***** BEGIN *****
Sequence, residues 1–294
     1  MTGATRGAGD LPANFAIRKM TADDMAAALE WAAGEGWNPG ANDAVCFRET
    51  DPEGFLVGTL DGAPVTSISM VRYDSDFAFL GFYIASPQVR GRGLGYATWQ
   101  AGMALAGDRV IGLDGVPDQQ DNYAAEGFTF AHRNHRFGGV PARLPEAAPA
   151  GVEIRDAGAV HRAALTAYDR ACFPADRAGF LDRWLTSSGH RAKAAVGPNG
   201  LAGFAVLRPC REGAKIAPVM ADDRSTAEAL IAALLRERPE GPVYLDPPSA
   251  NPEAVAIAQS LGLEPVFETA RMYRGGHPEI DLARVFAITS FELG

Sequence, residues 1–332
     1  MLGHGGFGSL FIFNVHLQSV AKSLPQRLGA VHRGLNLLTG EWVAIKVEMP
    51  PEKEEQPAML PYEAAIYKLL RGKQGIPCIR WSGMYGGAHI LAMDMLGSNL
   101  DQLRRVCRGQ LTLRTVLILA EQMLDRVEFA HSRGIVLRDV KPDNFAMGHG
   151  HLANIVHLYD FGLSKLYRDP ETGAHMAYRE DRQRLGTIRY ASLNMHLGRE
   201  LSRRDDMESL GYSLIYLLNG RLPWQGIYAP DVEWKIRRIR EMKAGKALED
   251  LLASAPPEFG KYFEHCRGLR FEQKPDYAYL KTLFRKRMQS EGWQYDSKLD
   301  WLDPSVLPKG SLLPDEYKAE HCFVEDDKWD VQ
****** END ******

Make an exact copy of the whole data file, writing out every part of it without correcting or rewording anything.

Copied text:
Sequence, residues 1–294
     1  MTGATRGAGD LPANFAIRKM TADDMAAALE WAAGEGWNPG ANDAVCFRET
    51  DPEGFLVGTL DGAPVTSISM VRYDSDFAFL GFYIASPQVR GRGLGYATWQ
   101  AGMALAGDRV IGLDGVPDQQ DNYAAEGFTF AHRNHRFGGV PARLPEAAPA
   151  GVEIRDAGAV HRAALTAYDR ACFPADRAGF LDRWLTSSGH RAKAAVGPNG
   201  LAGFAVLRPC REGAKIAPVM ADDRSTAEAL IAALLRERPE GPVYLDPPSA
   251  NPEAVAIAQS LGLEPVFETA RMYRGGHPEI DLARVFAITS FELG

Sequence, residues 1–332
     1  MLGHGGFGSL FIFNVHLQSV AKSLPQRLGA VHRGLNLLTG EWVAIKVEMP
    51  PEKEEQPAML PYEAAIYKLL RGKQGIPCIR WSGMYGGAHI LAMDMLGSNL
   101  DQLRRVCRGQ LTLRTVLILA EQMLDRVEFA HSRGIVLRDV KPDNFAMGHG
   151  HLANIVHLYD FGLSKLYRDP ETGAHMAYRE DRQRLGTIRY ASLNMHLGRE
   201  LSRRDDMESL GYSLIYLLNG RLPWQGIYAP DVEWKIRRIR EMKAGKALED
   251  LLASAPPEFG KYFEHCRGLR FEQKPDYAYL KTLFRKRMQS EGWQYDSKLD
   301  WLDPSVLPKG SLLPDEYKAE HCFVEDDKWD VQ